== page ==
More than a million over-65s are choosing to keep working
More than a million over-65s are choosing to keep working rather than enjoy a relaxing retirement
- At least 1 in 9 still working past 65th birthday, compared with 1 in 20 in 2000
- READ MORE: Older workers forced to re-think plans to keep up with rising bills
A soaring number of over-65s are choosing to keep clocking in at work rather than enjoy a relaxing retirement.
At least one in nine are still working past their 65th birthday, compared with one in 20 in 2000, according to a study.
There were 457,000 in 2000 rising to 1.43million now, the analysis showed.
Workers aged 65 and over are mainly self-employed and working part-time, but there is a growing number continuing in full-time employment up to and beyond the state pension age.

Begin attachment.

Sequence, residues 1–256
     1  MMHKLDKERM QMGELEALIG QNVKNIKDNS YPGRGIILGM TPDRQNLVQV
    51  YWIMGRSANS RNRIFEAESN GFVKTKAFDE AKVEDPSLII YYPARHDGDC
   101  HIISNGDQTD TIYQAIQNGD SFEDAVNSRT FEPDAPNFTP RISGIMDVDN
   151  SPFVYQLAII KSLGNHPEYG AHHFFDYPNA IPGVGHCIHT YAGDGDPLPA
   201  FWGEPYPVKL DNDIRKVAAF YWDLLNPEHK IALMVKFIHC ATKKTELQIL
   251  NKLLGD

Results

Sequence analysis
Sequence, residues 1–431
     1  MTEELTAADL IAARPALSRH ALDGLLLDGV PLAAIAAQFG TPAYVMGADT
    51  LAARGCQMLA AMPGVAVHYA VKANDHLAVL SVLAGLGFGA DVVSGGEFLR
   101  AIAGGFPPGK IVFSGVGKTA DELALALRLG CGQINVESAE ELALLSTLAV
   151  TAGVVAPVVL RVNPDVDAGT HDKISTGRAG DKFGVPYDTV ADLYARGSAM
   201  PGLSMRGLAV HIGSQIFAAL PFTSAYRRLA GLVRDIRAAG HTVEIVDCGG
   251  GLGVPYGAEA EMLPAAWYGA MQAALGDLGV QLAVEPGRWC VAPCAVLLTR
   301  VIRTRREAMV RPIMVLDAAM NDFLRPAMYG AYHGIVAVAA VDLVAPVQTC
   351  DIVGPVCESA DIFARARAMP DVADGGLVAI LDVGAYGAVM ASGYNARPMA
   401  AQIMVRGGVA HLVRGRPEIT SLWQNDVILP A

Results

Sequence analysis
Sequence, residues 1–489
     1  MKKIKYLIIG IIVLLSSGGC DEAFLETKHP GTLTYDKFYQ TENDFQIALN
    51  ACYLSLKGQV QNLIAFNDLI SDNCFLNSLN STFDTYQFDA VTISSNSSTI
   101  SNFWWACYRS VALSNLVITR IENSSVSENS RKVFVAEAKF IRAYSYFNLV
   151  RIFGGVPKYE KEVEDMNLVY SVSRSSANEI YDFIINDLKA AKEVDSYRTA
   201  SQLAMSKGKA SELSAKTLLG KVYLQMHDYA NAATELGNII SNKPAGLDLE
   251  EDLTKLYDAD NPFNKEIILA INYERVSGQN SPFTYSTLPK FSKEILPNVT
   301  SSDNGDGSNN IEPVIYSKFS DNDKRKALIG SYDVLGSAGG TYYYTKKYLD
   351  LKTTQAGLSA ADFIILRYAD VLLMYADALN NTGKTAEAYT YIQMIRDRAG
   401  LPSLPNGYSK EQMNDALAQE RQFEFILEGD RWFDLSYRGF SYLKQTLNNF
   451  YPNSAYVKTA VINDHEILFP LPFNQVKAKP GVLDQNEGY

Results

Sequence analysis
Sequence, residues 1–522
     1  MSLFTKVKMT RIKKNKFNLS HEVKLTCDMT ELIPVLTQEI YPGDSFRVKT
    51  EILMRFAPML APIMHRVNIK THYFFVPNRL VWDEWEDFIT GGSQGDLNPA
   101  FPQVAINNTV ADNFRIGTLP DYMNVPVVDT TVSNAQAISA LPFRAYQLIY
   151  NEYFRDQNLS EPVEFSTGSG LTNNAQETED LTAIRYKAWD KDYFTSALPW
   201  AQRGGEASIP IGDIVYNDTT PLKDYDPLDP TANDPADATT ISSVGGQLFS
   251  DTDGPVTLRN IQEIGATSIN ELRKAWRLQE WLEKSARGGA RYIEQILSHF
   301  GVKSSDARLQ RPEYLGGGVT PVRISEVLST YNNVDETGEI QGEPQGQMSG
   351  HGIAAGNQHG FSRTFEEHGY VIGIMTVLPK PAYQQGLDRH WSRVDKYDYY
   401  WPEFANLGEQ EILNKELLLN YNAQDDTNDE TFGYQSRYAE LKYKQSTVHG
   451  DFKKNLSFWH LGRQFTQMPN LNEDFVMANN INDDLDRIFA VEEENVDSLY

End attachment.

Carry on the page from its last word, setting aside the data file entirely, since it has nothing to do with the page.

Dr Karen Hancock, research and policy officer at the Centre for Ageing Better that carried out the study, said: ‘These figures show the ever-growing importance of older workers to the economy in filling labour and skills shortages.
At least one in nine are still working past their 65th birthday, compared with one in 20 in 2000, according to a study (file image)
‘Around half the substantial growth in numbers is down to demographics and the growth in the older population.
‘The raising of the state pension age has also been a factor.
‘But the increase also includes a growth in older workers who feel well enough to continue working and who want to continue reaping the financial and wellbeing benefits of remaining in work.’
Almost 80,000 workers in the older age group were employed on zero-hours contracts this year, the report said, adding: ‘Working past state pension age is becoming increasingly common, but it should be a choice.’
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